In the same way, a procurer that receives documents from other Member State companies is enabled to make a correct evaluation of those documents, and to verify eligibility or selection criteria fulfillment.

However, e-Certis is not a legal advice service but only a reference tool. All information has to be recognized with the procurer or the contracting authority.

eESPD and e-Certis, as the whole infrastructure, enable the process of public procurement transformation in the EU countries. The aim is a significant reduction of administrative burden and a correspondent simplification in participating to cross-border tenders.

eESPD will reach its full potential when each stakeholder (Administration or single company) creates a repository that contains all documents usually necessary for participating to a tender linked to the eESPD.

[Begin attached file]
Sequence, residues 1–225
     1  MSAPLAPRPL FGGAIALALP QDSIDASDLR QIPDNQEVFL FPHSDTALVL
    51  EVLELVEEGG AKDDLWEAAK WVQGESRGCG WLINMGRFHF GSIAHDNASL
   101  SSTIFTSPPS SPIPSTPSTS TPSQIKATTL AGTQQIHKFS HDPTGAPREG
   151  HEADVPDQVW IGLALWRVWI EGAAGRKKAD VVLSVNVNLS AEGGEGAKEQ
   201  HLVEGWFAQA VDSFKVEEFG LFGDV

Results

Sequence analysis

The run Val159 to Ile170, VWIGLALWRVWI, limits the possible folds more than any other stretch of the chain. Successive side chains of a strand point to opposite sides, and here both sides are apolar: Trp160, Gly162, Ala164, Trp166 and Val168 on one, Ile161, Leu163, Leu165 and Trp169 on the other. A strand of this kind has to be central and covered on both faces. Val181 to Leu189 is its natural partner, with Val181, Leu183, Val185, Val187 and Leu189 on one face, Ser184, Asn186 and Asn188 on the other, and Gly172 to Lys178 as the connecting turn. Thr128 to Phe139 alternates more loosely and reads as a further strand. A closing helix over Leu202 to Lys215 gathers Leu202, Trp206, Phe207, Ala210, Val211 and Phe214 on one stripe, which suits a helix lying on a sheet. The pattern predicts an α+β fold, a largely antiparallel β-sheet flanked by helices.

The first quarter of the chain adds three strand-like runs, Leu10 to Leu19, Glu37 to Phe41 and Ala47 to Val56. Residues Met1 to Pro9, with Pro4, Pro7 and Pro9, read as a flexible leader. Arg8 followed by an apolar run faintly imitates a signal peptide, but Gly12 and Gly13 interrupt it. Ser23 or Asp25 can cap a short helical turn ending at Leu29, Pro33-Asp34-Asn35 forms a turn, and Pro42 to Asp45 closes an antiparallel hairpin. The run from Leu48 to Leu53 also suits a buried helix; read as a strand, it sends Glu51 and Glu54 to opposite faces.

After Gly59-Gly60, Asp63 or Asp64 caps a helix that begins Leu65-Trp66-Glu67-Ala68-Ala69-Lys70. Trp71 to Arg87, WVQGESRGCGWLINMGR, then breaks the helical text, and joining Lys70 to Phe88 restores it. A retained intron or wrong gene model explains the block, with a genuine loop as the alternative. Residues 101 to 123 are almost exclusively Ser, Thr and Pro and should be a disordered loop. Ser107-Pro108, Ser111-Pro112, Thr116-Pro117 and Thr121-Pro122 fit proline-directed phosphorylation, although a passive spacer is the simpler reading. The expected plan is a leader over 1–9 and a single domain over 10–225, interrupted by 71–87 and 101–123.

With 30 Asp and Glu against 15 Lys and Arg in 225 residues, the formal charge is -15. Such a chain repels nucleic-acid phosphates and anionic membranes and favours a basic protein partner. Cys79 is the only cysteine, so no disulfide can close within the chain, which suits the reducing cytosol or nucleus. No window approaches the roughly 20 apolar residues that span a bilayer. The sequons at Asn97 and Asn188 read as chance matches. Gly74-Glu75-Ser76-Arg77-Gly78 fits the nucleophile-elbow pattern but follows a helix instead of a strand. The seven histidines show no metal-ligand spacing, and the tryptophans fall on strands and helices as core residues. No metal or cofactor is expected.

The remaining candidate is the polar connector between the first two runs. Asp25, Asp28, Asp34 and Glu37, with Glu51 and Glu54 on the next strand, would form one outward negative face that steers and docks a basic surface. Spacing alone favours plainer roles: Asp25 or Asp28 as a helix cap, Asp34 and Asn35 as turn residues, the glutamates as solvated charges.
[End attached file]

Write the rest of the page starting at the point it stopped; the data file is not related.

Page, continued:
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A non-exhaustive list of other possible families of e-Document formats follows.

For further informaton see: Analysis of structured e-Document formats used in Trans-European Systems


In relation to possible security issues, standards assessed by CAMSS and other standards specific for each Building Block are to be considered. Further references are also policy standards (e.g. ISO 27001:2013 and so on) and the definition of their specific usage in the Building Blocks context, if any.